I'm late to the party but wanted to chime in. My dd was very very good in writing when she was 4. She wrote a lot. I could see her pain with the school curriculum but felt helpless to do anything for her. She even wrote letter to her principal in 4th grade talking about how GT isn't language arts, it's other stuff, and she needs more advanced language arts. She needed help with character development in 2nd grade. The other kids were still working on writing sentences to express an idea. She begged for help.

    She got advanced math, and by 5th grade, was advanced 4 years in math, but only one year in language arts. What finally helped-- though there were wasted years that I'm sure took their tool-- was signing her up for online literature courses where she was introduced to real literature and literary analysis. I wish I had found that avenue before. She did that after school through middle school, went to high school and sadly got totally turned off by a teacher who was very encouraging but then got post partum depression and suddenly hated dds work.

    So, at that point, dd found her social needs better met in STEM and pursued that in college. She gave up on high school English meeting any needs at all. The thing is that English is a standard class that everyone needs for 4 years and our state sets the curriculum. There may be different versions, but it's all the same books. YAWN. Math has more options.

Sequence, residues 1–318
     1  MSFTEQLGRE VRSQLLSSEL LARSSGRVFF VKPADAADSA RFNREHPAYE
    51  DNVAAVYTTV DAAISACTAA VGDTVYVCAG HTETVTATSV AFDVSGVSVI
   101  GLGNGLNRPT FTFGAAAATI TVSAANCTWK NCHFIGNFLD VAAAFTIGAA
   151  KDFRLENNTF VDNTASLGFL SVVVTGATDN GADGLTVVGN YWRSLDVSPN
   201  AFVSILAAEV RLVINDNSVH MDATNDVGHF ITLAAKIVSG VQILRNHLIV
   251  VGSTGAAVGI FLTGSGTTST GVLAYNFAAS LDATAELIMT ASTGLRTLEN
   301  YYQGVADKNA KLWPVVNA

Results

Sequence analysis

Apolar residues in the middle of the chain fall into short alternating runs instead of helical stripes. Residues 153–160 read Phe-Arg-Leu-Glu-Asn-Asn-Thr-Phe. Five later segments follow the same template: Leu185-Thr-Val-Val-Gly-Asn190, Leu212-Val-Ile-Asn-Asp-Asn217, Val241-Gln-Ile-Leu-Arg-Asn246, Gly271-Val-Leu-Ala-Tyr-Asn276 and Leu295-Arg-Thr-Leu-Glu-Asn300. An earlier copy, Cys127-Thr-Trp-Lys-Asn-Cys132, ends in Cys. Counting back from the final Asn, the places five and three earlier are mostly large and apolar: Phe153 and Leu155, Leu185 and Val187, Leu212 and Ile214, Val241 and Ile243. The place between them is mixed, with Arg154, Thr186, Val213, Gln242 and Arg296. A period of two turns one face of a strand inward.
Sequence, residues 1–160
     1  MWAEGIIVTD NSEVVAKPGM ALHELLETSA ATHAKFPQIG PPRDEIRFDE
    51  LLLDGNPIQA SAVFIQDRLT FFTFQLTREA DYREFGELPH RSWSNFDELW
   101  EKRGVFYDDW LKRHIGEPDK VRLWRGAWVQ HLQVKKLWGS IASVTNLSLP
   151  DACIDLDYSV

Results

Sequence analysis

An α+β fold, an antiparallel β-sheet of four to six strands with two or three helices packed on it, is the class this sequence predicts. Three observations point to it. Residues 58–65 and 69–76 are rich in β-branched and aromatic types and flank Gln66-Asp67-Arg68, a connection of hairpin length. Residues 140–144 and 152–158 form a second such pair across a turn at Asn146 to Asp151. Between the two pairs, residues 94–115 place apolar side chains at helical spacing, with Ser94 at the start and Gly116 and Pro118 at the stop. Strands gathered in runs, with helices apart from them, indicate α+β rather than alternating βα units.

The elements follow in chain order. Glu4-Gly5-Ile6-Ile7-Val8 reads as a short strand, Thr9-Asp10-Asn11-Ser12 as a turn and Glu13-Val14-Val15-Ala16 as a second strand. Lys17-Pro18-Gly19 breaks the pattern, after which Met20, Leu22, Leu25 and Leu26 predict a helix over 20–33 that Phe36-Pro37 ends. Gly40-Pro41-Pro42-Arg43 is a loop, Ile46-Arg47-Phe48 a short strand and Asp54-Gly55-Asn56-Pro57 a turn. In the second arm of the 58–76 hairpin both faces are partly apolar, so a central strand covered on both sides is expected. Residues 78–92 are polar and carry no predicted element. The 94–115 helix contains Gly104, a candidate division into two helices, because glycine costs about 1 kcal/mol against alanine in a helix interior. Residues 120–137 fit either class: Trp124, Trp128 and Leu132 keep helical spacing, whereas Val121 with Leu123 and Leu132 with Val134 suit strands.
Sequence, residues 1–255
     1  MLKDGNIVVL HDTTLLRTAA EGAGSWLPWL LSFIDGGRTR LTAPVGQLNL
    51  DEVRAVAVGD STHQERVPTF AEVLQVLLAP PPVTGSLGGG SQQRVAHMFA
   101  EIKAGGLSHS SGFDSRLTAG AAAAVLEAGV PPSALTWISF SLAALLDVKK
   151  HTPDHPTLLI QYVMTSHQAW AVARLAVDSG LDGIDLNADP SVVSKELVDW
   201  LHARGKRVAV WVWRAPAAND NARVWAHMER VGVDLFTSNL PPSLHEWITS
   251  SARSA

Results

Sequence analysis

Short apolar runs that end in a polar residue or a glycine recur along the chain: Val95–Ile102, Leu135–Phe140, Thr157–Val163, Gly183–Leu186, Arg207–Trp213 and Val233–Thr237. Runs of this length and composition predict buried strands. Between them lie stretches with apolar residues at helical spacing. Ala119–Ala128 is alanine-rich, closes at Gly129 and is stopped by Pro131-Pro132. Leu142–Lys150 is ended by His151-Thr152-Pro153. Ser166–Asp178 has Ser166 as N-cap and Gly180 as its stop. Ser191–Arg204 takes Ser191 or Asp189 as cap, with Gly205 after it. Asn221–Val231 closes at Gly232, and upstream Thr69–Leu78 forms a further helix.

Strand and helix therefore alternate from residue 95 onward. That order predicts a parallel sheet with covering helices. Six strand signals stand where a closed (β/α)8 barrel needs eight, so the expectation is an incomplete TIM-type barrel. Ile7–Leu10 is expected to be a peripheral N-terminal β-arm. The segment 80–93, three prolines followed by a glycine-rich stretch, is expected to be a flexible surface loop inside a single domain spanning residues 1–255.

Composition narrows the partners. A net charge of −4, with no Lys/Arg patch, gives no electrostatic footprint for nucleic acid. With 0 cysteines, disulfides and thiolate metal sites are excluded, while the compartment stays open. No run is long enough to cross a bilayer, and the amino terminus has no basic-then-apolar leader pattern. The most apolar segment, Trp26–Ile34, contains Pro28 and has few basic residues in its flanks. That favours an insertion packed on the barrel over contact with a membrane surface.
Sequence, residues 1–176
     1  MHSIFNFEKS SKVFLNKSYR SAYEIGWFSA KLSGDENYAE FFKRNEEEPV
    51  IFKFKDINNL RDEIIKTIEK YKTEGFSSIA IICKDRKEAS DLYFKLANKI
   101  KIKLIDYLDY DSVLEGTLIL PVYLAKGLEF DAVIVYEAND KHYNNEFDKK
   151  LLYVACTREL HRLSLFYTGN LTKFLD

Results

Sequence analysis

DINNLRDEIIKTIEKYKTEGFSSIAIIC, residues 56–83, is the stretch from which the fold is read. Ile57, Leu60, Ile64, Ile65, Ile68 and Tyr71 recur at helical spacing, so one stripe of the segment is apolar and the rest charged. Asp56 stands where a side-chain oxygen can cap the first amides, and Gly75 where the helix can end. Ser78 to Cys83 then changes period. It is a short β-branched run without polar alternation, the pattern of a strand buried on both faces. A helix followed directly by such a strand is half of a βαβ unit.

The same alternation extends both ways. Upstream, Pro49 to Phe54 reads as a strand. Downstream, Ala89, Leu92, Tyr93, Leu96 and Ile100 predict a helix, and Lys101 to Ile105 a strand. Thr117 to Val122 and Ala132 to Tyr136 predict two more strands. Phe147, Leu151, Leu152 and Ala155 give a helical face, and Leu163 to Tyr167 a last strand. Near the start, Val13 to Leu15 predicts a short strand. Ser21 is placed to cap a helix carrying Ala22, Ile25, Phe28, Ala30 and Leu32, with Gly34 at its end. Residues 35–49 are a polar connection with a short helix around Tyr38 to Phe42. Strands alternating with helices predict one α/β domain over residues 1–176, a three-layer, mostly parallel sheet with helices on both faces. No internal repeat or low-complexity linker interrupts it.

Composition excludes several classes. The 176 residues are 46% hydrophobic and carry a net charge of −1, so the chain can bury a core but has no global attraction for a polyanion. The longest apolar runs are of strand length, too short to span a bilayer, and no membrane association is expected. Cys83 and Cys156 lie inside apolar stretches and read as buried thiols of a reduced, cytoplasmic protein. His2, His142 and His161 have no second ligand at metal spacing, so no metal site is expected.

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    #246847 - 02/22/20 09:02 PM Re: Verbal Stregth vs Math/Spatial [Re: spaghetti]
    MumOfThree Offline
    Member

    Registered: 04/07/11
    Posts: 1567
    Loc: Australia
    Originally Posted By: spaghetti
    I'm late to the party but wanted to chime in. My dd was very very good in writing when she was 4. She wrote a lot. I could see her pain with the school curriculum but felt helpless to do anything for her. She even wrote letter to her principal in 4th grade talking about how GT isn't language arts, it's other stuff, and she needs more advanced language arts. She needed help with character development in 2nd grade. The other kids were still working on writing sentences to express an idea. She begged for help.